This may need purchasing your mothers on the internet. Alternatively, ask local nurseries and gardening stores to see whether they have mums in stock year-round rather than just during the holiday season.

When Should You Plant Hardy Mums?

Mums should be planted in the spring if you want them to survive the winter and come back as perennials. Mums planted in the early fall have a chance of surviving, but it’s unlikely.

It’s best if you can buy them and plant them as soon as possible. Early spring is preferable, particularly if you reside in Zones 4–5. (i.e., a cold region). In most areas, the latest you can plant hardy mums and expect them to thrive is September.

Mums as Perennials: How to Grow Them

It’s critical to plant mums as soon as possible if you want them to become perennials and survive the winter. The more time they have to establish themselves, the better their chances of surviving the winter and returning the next year. Another important consideration is that they have adequate drainage.

Mums, like many other flowers and plants, need proper drainage to thrive. This implies that when planting the mums, you’ll need to add compost to your soil mixture. Mulch also helps to insulate the roots of mums, which are naturally shallow. In most cases, two inches is sufficient to drain and protect.

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Mulch is more more important in locations where the soil is naturally clay-rich to ensure the survival of your mothers. It’s safer to use a three-inch coating in these regions.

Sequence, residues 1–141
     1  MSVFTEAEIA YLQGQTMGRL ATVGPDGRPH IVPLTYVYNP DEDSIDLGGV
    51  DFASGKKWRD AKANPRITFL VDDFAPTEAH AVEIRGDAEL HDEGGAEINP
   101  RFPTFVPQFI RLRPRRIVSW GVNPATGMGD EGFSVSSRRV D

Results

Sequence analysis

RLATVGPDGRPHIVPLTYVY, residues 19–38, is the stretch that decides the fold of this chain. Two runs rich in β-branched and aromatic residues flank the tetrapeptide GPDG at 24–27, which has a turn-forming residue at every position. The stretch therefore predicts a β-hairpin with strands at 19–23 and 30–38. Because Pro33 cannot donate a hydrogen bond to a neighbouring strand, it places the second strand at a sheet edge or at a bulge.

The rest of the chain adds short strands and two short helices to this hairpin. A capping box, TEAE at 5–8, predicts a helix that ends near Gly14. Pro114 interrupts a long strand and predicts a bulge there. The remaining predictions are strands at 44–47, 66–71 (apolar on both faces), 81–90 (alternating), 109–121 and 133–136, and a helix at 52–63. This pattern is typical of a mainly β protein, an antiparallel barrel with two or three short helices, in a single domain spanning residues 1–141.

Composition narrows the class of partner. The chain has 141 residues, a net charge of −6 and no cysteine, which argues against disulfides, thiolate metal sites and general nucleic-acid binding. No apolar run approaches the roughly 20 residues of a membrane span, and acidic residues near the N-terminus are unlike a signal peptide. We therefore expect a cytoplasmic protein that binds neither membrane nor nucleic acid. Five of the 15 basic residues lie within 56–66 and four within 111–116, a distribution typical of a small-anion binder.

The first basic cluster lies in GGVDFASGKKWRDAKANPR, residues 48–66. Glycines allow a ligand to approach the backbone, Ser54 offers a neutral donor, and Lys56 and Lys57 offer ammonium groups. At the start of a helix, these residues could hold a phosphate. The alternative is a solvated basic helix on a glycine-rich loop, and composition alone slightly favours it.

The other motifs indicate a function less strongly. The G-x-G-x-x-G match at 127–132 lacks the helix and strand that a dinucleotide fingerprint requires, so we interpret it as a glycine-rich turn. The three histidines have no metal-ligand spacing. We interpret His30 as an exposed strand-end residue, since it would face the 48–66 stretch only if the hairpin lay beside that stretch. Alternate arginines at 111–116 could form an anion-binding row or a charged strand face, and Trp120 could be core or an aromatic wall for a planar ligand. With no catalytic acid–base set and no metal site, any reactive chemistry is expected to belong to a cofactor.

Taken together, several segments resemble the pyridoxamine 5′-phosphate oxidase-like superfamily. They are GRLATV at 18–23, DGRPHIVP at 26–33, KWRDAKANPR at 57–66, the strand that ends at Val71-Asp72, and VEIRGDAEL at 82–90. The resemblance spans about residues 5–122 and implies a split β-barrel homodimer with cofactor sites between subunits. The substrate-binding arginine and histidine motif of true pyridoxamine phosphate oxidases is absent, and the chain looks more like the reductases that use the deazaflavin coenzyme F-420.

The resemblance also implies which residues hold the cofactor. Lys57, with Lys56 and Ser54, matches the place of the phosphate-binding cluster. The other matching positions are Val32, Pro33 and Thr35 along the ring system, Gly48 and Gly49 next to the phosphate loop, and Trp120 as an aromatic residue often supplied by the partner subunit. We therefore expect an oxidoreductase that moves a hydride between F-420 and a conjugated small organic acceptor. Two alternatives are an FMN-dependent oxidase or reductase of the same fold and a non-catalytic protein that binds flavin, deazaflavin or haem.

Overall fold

When winter hits, cover the plant with extra mulch (three to four inches), being careful to get it between the stems for further protection. In addition to the mulch, other natural insulation like as straw or shredded bark might be beneficial.

How to Grow Garden Mums Year After Year

Other suggestions for growing mums as perennials include: 

  • Select a sunny location with at least six hours of direct sunshine every day.
  • When planting, be sure to follow the spacing instructions and allow your mums plenty of space to flourish.
  • Keep your mums wet but not soggy to keep them from withering.
  • Use a 5-10-10 or 10-10-10 delayed release fertilizer in the spring.

If you succeed in growing mums as perennials, you’ll need to split them in the spring to keep them from becoming overcrowded. A sharp instrument, such as a trowel or garden knife, is used to chop off a stem, including the roots. Then, in a free portion of the garden, plant them and continue to care for them as normal.

Are Mums Annuals or Perennials?

Annuals only grow for one season, but perennials grow every year. Mums are perennials that will bloom in the spring for many years if they are well-cared for during the winter. Annuals must be planted every year, whereas perennials can be left alone for years. Mums, in particular, may live for three to five years.

Both perennials and annuals have advantages and disadvantages. Mums, for example, return year after year, saving you the trouble of regularly purchasing and planting fresh flowers. However, they need more maintenance, particularly when preparing for the winter.

We also discuss Are Dahlias Perinnials if you’re curious about different plants.


Hardy mums are perennials, meaning that they will live for years. Annuals, on the other hand, die after one season. Reference: hardy mums perennials.